Several recent stories have caught the industry’s attention and set media imaginations alight, but none moreso than last week’s record-breaking US$3B marketing settlement between pharma giant GlaxoSmithKline and the US government. In short, GSK plead guilty to withholding safety data and illegal marketing practices related to three drugs and agreed to pay US$1B in criminal fines and US$2B to resolve civil complaints with the federal and several state governments. (more…)
“Basal cell carcinoma skin cancer is the most common form of skin cancer”. It’s a common claim and one which is undoubtedly true – non-melanoma skin cancers (or NMSCs) are seen far more frequently than any other form of cancer. Unfortunately, however, due to their frequency, statistics on the incidence of NMSCs (which include basal cell carcinomas, BCCs, and squamous cell carcinomas, SCCs, of the skin) are difficult to find and cross-reference.
Recognising this gap, a research group from the University of Nottingham established a literature review to try and establish what comparable published data could be found to determine the incidence of NMSCs. Whittling down some 3083 publications, the group identified 75 papers which provided suitable information, covering 38 countries from 1955-2007. (more…)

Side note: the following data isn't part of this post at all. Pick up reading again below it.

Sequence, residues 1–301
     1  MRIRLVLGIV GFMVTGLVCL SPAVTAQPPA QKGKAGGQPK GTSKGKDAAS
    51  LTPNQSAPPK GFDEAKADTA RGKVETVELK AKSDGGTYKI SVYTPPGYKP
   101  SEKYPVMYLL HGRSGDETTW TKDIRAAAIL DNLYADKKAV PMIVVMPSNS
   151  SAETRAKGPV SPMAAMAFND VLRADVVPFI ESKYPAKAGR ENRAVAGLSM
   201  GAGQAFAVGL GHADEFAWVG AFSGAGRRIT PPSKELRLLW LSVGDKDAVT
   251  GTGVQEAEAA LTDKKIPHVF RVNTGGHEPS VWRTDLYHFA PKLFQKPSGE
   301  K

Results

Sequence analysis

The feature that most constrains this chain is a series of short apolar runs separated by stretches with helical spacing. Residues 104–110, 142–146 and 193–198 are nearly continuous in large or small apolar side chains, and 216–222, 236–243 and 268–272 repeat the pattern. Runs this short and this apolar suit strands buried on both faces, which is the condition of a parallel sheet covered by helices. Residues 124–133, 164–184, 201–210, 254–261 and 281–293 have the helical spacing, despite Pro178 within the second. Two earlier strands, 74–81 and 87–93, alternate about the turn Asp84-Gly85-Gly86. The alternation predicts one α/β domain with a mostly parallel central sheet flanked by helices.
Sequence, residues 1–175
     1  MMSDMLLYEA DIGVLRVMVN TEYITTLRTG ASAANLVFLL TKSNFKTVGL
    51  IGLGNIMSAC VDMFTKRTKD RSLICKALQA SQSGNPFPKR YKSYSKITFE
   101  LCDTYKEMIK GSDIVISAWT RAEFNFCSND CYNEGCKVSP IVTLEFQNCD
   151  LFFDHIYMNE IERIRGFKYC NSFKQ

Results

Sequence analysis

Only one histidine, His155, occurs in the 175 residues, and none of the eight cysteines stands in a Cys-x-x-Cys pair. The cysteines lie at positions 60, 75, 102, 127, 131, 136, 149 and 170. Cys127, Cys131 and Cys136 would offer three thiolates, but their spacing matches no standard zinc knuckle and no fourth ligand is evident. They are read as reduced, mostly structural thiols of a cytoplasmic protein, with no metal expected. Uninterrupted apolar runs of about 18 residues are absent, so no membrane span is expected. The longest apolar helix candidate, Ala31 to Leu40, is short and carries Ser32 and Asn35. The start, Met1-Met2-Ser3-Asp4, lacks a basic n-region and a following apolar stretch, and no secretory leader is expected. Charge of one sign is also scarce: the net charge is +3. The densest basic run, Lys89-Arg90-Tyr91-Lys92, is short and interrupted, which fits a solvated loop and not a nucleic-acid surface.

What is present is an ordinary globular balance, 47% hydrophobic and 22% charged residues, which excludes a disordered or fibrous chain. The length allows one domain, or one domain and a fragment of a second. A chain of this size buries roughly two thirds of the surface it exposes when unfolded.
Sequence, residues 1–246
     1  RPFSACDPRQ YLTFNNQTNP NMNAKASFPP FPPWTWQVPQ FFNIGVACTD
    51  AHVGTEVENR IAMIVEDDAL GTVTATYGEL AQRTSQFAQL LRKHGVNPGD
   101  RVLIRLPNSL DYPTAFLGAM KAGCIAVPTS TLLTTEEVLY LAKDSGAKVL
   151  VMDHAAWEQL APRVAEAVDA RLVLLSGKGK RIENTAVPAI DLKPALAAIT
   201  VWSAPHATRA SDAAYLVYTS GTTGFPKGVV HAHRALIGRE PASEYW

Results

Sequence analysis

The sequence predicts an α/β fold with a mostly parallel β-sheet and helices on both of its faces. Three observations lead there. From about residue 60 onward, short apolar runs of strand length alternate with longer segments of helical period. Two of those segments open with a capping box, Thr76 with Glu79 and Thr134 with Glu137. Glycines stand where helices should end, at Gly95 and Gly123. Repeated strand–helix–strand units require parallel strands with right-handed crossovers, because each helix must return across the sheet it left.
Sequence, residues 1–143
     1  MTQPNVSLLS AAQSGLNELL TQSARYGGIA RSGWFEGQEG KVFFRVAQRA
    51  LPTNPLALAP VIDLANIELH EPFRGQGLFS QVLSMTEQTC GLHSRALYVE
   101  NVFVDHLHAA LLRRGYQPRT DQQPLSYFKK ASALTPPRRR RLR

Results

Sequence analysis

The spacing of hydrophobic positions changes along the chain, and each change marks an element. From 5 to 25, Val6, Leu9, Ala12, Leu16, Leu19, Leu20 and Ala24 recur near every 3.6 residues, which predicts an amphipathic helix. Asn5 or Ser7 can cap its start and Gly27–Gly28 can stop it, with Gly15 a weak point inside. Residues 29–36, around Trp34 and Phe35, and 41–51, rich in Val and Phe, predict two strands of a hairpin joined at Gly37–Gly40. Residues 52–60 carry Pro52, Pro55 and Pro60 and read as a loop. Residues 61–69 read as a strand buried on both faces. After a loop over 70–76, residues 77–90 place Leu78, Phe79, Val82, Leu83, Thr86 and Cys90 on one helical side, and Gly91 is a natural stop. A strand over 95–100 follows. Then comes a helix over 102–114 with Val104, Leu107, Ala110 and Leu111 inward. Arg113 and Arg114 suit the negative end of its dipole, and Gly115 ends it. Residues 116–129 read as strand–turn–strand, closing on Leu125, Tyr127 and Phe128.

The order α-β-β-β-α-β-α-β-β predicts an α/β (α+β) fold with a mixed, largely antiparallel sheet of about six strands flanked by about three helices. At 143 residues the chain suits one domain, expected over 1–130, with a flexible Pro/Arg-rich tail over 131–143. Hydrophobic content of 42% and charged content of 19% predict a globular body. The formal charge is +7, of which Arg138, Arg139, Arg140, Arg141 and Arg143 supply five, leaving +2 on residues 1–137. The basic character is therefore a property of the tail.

Earlier today we announced that two health insurers in Switzerland had agreed to reimburse SCENESSE® (afamelanotide) for the rare disease erythropoietic protoporphyria (EPP). While this is an encouraging step forward for the program and for Swiss patients, I felt it appropriate to take a moment to discuss the important role that Switzerland has played, and continues to play, in our EPP program.
In 2006 Clinuvel announced that it would commence a new clinical trial program focused on an unknown disease in a small open label study. At the time I noted that our aim was to “provide a prophylactic treatment for [a] debilitating and incurable skin disorder”. (more…)
There are a number of misconceptions about the interaction between sunlight and skin. In this two part post we look at what we think are the top five most common sun and skin myths.
Myth 1: I can’t get sunburnt on a cloudy day (more…)